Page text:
Source: Auckland Council
Extreme weather in 2023 damaged many homes across Tāmaki Makaurau, and we are working to place properties into three categories, based on a new Government risk framework:
Category 1– Low risk
Category 2– Risk can be managed with flood protection or land stabilisation
Category 3– High risk, house should be removed, and/or not rebuilt
During October, Auckland Council’s Governing Body made a series of key decisions on property categorisation. Decisions were guided by the council’s aim to support Aucklanders to voluntarily relocate from homes where there is a future intolerable risk to life.
We have sought to balance the financial commitments to ensure the policy is affordable for Auckland, while being fair and equitable for all affected homeowners.
WATCH: Category 3 buy-out offer explained
Category 3 buy-out offer
Auckland Council’s Governing Body agreed on 6 and 26 October 2023 how voluntary Category 3 property buy-out offers will work.
The main decisions were:
A pre-weather event market valuation as at 26 January 2023 will be used to determine the starting point for the voluntary buy-out offer. The valuation from a registered valuer will be organised and paid for by council.
We will offer 95% of the value of an insured property, less any insurance payout (including EQC). This means that the property owner is making a 5% contribution towards the cost of the buyout.
For properties that are not insured, we will offer at least 80%, up to 95% of the value of the property. This means that the property owner is making up to a 20% contribution towards the cost of the payout.
The council will make a contribution towards professional services (like legal fees) as we recognise you will want to seek your own legal advice. The amount of this contribution, what this can be used for, and when it will be available, will be explained to you as part of the buy-out process.
Secondary properties, meaning the owner doesn’t live at the affected address (e.g. holiday homes and residential rental properties) will be eligible for a buy-out. Residential properties owned by the Crown are excluded from the buy-out scheme.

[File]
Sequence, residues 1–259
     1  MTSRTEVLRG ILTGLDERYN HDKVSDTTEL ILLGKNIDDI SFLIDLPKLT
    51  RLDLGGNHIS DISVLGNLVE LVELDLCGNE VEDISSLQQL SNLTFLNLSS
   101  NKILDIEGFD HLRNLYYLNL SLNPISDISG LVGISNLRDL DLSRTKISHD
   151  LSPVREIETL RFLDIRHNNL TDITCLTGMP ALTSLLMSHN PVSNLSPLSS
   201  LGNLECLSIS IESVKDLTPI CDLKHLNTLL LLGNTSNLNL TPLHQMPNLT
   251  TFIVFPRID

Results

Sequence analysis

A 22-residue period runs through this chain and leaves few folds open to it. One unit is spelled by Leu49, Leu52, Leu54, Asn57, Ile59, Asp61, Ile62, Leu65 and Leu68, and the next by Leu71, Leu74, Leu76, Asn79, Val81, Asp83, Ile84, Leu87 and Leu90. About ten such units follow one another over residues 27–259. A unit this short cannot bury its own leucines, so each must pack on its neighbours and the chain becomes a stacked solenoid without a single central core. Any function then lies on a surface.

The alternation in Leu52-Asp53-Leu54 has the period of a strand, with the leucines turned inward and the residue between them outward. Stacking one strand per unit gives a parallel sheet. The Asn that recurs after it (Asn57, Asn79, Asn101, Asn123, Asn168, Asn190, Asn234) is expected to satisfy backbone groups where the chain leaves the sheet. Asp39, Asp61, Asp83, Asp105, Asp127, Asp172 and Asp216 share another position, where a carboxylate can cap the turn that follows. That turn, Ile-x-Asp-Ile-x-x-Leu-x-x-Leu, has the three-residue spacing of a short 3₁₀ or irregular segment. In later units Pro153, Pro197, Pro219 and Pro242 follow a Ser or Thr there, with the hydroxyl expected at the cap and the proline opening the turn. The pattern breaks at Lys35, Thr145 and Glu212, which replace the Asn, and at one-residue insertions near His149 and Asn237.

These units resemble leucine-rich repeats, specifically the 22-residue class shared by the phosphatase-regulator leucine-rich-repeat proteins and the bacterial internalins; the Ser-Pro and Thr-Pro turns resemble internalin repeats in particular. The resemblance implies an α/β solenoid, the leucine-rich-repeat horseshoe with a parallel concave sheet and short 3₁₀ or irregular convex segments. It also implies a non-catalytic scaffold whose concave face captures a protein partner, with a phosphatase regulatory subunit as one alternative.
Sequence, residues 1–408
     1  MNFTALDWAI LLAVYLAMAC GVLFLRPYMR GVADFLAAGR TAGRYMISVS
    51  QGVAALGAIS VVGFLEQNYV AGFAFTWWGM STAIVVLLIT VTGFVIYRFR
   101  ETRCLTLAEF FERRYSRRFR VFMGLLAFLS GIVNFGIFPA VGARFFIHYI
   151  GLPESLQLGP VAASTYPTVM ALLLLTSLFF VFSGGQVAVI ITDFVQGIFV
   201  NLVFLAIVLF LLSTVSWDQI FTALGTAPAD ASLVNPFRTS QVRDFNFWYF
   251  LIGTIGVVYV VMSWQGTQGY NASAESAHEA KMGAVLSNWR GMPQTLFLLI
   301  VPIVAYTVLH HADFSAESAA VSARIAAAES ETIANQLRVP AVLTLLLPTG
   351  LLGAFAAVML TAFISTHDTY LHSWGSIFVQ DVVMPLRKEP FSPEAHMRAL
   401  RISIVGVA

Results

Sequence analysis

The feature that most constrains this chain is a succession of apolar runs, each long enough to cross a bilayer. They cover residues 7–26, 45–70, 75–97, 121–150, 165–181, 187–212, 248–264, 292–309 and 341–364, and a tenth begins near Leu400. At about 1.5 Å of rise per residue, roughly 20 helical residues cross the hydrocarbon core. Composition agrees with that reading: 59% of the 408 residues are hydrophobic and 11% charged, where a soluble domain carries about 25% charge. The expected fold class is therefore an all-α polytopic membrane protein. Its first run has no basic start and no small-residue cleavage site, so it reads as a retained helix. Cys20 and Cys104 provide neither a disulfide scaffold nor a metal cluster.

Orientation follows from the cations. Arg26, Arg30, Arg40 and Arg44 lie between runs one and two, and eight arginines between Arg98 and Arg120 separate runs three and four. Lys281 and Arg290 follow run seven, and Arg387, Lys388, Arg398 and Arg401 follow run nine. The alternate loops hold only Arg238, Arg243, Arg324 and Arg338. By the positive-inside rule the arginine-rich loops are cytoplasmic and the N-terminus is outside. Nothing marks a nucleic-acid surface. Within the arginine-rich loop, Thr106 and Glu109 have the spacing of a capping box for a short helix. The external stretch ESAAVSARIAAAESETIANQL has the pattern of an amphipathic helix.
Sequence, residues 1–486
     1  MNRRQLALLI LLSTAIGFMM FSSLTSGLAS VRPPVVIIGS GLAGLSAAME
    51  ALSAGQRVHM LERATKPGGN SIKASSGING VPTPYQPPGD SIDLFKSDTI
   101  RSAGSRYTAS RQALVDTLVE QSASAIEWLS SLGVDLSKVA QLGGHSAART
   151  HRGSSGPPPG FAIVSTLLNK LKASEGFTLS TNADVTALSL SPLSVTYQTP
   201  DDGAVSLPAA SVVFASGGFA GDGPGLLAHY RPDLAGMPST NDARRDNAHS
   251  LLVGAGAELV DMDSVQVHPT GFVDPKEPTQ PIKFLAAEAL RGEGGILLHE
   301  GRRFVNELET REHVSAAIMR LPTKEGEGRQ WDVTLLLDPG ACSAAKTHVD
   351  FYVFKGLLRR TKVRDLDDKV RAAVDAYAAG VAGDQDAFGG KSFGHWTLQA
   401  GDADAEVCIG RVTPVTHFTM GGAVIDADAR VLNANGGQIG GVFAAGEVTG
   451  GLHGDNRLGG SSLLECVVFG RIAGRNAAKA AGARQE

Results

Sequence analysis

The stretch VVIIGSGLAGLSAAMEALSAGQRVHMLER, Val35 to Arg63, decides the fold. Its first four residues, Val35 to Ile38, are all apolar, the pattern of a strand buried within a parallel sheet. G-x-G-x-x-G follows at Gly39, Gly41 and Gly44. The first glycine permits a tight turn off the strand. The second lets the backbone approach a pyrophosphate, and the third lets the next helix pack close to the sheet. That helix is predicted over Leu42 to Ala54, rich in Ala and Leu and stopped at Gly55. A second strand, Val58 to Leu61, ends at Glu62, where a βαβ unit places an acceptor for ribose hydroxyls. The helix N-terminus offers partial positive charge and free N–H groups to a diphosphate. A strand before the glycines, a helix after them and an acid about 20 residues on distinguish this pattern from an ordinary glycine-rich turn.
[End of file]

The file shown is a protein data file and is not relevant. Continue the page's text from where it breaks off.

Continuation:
Vacant sections that do not have a residential dwelling on them are not eligible for a buy-out because the policy’s intent is to remove people from houses where there is a future intolerable risk to life.
Category 2 – affordability of mitigations for 2P
The Auckland Council’s Governing Body also made further policy decisions about the affordability of mitigations for properties that may be 2P, and what funding could be made available to support property owners to do the mitigation work on their property.
Part of the criteria for a property being 2P has been that mitigations on the property need to be feasible. There are two parts to figuring out if something is feasible:
Whether an engineering solution is technically possible. For example, whether there’s enough space to construct a retaining wall, or whether the nature of the house means it can be lifted.
Whether it’s affordable and if it can be delivered in a reasonable timeframe. While anything is possible if you have enough money, we needed to put a realistic cap on what could be spent on a mitigation.
The policy that’s been agreed is that mitigation affordability is set at 25% of a property’s CV.
So that means if your home has a CV of $1 million, mitigations that cost up to $250,000 are considered feasible and your home could be assigned a Category 2P. The mitigations also need to be able to be completed within two years.
The council recognises that funding mitigations to protect a home from flooding or landslide is out of reach financially for many people. Generally, insurance providers won’t cover the cost of works that are designed to reduce future events – insurance is about repairing things when they are damaged.
As the intent of the council’s policy has always been to reduce future risk to life from extreme weather events, the council has agreed to fund mitigations to 2P properties. How this will work in practice is being worked through.
It’s important to note that if your home is categorised as 2P, there will be financial support – if you need it – to help you make changes to reduce the risk on your property. As a homeowner, you’ll be responsible for getting the work done, but we will provide financial assistance.
We’ll be going back to the Governing Body with more information about how the 2P service will work in late November, so we’ll be able to share more information about it then.
A dispute resolution process (to dispute your property category and/or the market valuation) will include both an internal review and external/independent review. Details of how to raise a dispute and what you can expect from the process will be provided as part of the information we give to property owners when confirming their category.
What happens next?
Across the region, risk assessments (both flood-affected, and landslide-affected homes) are underway for properties that have opted into the categorisation process.
If you want to receive a property categorisation, we will need to complete a risk assessment. If you have not yet registered for a risk assessment process, please complete the Flooding and Landslide Registration form. The information you provide in the form will help us to begin a risk assessment for your property.
Buy-out conversations with confirmed Category 3 property owners have begun this week and these will be ongoing as properties receive confirmation of their category.
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